Lenten season brings on 'wild, wacky' tales
By Rachel Zoll
By Rachel Zoll
The Easter season has an odd, new tradition: The period of reflection on the Crucifixion and Resurrection has become a popular time for marketers to roll out works — from the scholarly to the sensational — that challenge Christianity's core beliefs.
In the past several years, churchgoers have been hit with a steady stream of claims that Jesus didn't die on the cross, that he had a wife and kids, and that the Bible is a fraud.
Christians across a broad spectrum of belief are angered by the trend. They accept the freedom to question religion but wonder why the assaults come during their faith's most sacred days.
"Why are they doing it now and why are they doing it in such a provocative way?" asked the Rev. James Martin, a Jesuit writer and author of "My Life With the Saints." "We have nothing to fear from serious scientific inquiry, but when it's slanted and leaves out the religious point of view, it's very misleading. It can all be tied together in a slick package that can be very compelling."
This year's outrage for Christians was "The Lost Tomb of Jesus," a documentary suggesting that a south Jerusalem cave discovered in 1980 contained the remains of Jesus — indicating he wasn't resurrected. The filmmakers also suggest that Mary Magdalene was buried in the tomb, that she and Jesus were married, and that a stone box labeled "Judah son of Jesus" belonged to their son.
The documentary was unveiled six days into Lent by James Cameron, Oscar-winning director of "Titanic," who produced the film. Top archaeologists in the United States and abroad called that claim and the film's findings preposterous, but a book based on the documentary quickly climbed the best-seller list.
"There is more tolerance in the general culture for all things wild and wacky about Jesus," said Ben Witherington, a New Testament expert at Asbury Theological Seminary and author of "What Have They Done With Jesus?"
Last year's Lenten season brought similar affronts.
The paperback edition of Dan Brown's novel "The Da Vinci Code" — about a Roman Catholic conspiracy to hide Jesus' marriage — was released, along with Michael Baigent's nonfiction, "The Jesus Papers: Exposing the Greatest Cover-Up in History."
Baigent said that Jesus was married and had a child and was not thought to be divine until long after his era.
Other Easters have seen the release of works on the Gnostic gospels — the religious rival that lost out to orthodox Christianity in ancient times — and TV specials asserting that Jesus was merely human.
"It's become a rite of passage in the Lenten season," said Bill Donohue, head of the Catholic League, an anti-defamation group. "It's not a matter of 'Let's agree to disagree,' it's a matter of 'Let's undermine Christianity.' "
Cameron and filmmaker Simcha Jacobovici insisted their documentary was not meant as an attack on faith. Yet, even scholarly works that examine the historical truth of the biblical story have the capacity to offend, particularly when they're released at this time of year.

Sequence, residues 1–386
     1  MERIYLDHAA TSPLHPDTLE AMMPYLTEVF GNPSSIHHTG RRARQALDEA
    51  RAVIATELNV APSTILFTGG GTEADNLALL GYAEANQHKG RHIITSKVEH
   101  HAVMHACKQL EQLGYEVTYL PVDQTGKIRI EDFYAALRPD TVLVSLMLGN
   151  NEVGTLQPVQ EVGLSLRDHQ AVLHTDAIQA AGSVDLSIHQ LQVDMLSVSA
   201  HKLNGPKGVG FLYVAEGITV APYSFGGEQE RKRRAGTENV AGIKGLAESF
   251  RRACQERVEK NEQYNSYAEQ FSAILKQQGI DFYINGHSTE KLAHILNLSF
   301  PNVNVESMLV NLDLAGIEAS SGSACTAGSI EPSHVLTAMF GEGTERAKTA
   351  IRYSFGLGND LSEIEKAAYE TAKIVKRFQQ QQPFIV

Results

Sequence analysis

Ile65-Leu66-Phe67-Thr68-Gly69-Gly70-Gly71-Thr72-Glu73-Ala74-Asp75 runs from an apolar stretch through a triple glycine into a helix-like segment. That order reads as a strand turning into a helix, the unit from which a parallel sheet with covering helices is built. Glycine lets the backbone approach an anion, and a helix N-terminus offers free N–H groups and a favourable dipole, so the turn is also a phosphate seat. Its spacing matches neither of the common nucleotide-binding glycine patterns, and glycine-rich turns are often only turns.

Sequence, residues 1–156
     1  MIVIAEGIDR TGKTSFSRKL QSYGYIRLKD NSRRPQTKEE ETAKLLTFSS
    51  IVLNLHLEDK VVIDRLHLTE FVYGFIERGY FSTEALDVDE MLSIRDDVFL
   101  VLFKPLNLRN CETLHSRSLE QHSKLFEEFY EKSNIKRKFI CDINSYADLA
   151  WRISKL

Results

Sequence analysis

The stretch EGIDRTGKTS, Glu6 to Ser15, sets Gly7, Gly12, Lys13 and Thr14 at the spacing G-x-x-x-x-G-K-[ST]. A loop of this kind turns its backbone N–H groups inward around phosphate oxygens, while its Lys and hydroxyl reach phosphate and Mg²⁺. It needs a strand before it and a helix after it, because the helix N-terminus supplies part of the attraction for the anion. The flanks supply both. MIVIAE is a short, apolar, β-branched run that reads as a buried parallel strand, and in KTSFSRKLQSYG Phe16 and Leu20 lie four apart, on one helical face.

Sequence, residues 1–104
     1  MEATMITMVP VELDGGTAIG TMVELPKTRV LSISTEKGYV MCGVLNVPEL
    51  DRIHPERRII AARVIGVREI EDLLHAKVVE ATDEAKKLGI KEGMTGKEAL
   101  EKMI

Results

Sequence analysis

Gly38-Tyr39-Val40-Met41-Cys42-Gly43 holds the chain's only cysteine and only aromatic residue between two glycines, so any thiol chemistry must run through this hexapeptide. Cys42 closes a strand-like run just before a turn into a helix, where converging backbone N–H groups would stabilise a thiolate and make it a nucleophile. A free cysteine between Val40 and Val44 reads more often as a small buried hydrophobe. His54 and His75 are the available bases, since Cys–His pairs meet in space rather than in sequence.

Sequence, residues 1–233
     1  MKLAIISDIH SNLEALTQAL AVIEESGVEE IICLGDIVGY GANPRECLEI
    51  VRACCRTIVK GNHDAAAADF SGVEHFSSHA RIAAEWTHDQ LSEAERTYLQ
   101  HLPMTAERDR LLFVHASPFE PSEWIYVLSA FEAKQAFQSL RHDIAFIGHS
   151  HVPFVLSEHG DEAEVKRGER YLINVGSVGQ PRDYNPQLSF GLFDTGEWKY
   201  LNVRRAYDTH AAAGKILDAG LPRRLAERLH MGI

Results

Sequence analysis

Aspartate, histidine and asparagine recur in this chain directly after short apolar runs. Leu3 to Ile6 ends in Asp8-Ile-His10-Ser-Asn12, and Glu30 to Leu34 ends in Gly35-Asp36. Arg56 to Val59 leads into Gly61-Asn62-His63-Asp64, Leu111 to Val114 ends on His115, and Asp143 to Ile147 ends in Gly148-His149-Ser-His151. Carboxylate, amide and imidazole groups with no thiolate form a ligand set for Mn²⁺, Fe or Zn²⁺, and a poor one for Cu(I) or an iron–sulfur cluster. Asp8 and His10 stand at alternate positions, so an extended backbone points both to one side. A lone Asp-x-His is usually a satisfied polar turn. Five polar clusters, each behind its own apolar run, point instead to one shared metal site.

New Testament scholars and archaeologists say that, the more outlandish the claims, the bigger the sales impact — which increases demand for ideas from the fringe. They are being presented to a public with little knowledge of early Christianity reading unfiltered information on the Internet, experts say.
"Now all you have to do is click on the computer screen," said Jodi Magness, a specialist in early Judaism and archaeology at the University of North Carolina at Chapel Hill. "That makes it easier for people to read up about things. The public is presented with information that they cannot really evaluate."
Widespread skepticism about faith and a fear of the power of organized religious groups has contributed to the popularity of books like Brown's and the Jesus tomb, analysts say. Many Americans seem to suspect that information is being hidden from them, especially about Gnostic writings. But Magness said the works have been known to academics for years, and are only now drawing the attention of the general public.
Scholars have responded to the trend with a raft of books denouncing "The Da Vinci Code," explaining why Gnostic gospels were not part of the New Testament and educating the public on early Christianity and what the Bible says about Jesus.
Yet Witherington said it's difficult to counter publicity seekers and media outlets that "fire first and fall back if they need to."
"We live in a Jesus-haunted culture that's biblically illiterate," Witherington said. "Everybody knows who Jesus is. But the actual knowledge about early Christian history and the Bible is very low in the culture and even large segments of the church. In that situation, anything can pass for knowledge about the historical Jesus, even wildly improbable theories."